My foot on day seven.
So as you can see my ability to go adventuring has been somewhat curtailed. On the plus side this has allowed me to add a number of new plants and information to my plant blogs. I've also watched a lot of movies. More importantly, today is the last day of antibiotics so I'm hoping I can talk Misseswether into getting me some beer for tomorrow! Don't worry, I stopped taking the pain pills after day three. All they did was put me to sleep where I dreamed about how much my foot hurt. So not only was I having those dreams where I was naked and late for a test on a subject I didn't know but also my foot was on fire. I decided just to go with the real foot pain and skip the somnbulistic high-school nudity.
Well, that's pretty much all for now.
Adventure! Excitement! Watching the ceiling fan spin!
Monday, August 31, 2009
Tuesday, August 25, 2009
UPDATE: the lab results are back, Zog is dead! There was no sign that it had spread, the doc was able to remove all of it, no further treatment is needed. Woo hoo!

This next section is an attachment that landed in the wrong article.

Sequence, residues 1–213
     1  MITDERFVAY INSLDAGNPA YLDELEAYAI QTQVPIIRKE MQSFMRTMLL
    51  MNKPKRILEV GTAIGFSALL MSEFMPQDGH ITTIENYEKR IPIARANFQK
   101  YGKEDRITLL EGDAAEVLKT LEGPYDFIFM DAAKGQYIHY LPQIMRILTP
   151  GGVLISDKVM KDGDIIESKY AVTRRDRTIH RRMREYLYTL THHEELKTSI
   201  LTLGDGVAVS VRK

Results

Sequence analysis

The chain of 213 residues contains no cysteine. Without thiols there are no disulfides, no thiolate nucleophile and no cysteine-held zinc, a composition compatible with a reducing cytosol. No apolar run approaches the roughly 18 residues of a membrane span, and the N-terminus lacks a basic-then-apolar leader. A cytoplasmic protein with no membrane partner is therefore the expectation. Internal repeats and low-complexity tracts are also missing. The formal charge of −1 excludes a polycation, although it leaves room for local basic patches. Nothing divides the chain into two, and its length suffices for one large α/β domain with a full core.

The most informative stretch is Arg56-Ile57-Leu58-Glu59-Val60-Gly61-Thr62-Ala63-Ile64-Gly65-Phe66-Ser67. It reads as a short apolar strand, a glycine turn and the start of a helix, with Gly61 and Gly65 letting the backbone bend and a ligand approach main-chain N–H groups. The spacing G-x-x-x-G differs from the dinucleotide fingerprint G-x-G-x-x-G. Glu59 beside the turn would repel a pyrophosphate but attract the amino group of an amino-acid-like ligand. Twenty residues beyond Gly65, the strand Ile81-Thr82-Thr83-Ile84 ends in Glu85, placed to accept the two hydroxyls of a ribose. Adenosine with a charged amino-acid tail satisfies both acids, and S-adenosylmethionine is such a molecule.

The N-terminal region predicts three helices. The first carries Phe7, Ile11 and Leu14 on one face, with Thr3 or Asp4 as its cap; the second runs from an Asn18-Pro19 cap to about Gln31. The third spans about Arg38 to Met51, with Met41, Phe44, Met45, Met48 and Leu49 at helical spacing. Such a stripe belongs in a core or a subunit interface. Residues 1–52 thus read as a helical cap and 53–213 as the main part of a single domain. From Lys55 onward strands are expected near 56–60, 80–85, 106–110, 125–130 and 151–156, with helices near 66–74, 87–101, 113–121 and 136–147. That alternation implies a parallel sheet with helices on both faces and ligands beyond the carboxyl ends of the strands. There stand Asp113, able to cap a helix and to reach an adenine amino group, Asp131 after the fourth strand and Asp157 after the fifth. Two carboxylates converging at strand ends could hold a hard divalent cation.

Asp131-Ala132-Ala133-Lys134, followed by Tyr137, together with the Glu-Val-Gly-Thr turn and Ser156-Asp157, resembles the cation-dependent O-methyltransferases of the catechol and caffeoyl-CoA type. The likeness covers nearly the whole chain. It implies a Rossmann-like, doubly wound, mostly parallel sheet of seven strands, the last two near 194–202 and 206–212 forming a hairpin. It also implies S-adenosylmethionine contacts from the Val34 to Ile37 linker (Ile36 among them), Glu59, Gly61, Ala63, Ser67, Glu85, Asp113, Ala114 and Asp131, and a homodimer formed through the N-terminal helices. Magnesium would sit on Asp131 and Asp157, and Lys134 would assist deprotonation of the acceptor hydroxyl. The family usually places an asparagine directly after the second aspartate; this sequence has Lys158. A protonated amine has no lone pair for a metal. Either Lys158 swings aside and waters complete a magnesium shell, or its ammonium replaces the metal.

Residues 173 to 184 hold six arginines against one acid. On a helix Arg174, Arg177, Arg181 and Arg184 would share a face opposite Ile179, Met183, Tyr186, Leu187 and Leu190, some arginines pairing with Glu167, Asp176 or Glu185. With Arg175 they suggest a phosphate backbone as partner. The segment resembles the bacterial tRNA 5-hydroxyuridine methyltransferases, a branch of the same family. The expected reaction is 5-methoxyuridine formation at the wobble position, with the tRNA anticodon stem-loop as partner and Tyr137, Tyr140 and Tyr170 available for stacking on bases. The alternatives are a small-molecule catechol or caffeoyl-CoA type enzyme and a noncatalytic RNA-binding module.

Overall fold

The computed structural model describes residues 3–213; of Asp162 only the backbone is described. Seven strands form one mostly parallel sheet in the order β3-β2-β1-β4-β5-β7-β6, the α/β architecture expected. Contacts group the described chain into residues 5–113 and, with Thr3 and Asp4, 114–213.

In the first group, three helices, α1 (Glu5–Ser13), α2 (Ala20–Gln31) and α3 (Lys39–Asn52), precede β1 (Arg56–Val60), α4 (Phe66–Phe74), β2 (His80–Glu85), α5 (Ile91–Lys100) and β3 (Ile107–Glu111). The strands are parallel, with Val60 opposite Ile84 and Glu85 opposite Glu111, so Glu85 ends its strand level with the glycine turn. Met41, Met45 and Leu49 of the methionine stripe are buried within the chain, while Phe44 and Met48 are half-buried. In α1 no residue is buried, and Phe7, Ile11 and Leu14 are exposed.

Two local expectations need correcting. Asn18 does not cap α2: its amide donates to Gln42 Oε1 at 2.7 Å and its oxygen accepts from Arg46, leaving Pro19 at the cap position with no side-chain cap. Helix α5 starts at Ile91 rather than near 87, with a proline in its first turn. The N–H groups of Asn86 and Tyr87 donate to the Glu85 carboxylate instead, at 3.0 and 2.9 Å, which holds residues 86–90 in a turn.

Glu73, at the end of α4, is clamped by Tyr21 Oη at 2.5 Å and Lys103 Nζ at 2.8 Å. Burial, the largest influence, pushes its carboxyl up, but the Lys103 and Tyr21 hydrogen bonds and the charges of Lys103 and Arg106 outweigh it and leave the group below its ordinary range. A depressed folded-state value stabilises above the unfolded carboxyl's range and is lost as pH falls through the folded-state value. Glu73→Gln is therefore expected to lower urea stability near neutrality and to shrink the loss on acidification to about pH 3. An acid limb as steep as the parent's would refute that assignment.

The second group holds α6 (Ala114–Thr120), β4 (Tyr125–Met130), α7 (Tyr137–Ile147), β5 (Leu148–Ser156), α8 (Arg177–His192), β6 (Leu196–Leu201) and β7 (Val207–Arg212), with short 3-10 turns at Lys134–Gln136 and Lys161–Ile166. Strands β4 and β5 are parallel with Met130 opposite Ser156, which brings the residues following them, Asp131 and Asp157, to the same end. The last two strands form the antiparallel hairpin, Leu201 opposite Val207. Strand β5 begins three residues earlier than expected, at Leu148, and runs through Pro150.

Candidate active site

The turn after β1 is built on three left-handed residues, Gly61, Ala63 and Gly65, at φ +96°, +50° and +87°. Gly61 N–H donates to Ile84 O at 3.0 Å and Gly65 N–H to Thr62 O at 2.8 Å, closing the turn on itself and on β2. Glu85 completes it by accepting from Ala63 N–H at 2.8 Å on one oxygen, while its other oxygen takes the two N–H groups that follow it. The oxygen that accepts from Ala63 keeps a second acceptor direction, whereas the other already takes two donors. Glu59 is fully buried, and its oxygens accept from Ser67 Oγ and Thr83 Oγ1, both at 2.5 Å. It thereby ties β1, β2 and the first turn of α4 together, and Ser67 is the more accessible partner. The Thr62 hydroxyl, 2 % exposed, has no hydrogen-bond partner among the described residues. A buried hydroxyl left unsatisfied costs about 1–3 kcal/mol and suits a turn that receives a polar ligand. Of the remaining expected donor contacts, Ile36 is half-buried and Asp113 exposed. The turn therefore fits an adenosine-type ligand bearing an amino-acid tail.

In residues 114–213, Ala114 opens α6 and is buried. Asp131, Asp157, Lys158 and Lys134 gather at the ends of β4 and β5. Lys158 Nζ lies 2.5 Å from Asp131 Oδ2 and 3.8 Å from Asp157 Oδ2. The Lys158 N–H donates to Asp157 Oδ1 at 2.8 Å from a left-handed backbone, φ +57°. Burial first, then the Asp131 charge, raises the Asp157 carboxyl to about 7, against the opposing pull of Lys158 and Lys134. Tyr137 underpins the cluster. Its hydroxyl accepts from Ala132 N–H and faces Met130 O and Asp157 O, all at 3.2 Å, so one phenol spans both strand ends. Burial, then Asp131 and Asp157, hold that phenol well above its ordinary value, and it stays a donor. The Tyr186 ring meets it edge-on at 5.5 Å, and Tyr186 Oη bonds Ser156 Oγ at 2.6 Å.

Turns out removing a 3cm ball of tissue requires a 2" long by 3/4" wide by 3/4" deep incision. And that requires 14 incredibly painful shots of Novocaine into the bottom of my foot.
Slice, probe, then slice some more.
Did I mention I am too tall to fit on the operating table? There wasn't enough room between my foot and the wall so the doc had me sit in an office chair with my foot up on the table.
Zog is (hopefully) gone!
This hurts more than you can imagine.
We won't know if Zog is really gone or not for almost a week. Due to the extreme aggressiveness of this type of melanoma the doc sent it out for expert appraisal. So, I'm still stuck waiting to learn if this is the end of Zog or if I have a deeper hell awaiting.
Now if you'll pardon me, I'm going to go pass out.
Adventure! Excitement! Two weeks of crutches!
Monday, August 24, 2009
Okay, in about an hour I'm heading to the hospital. The doc is first going to remove a large patch of skin off my chest where the basal cell carcinoma was followed by attacking Zog. He'll cut a 3cm ball of tissue out of my foot centered around Zog. next, he'll cut Zog in half to determine how deeply Zog penetrated into my flesh. If it's less than 1mm the doc will just patch the hole and send me home.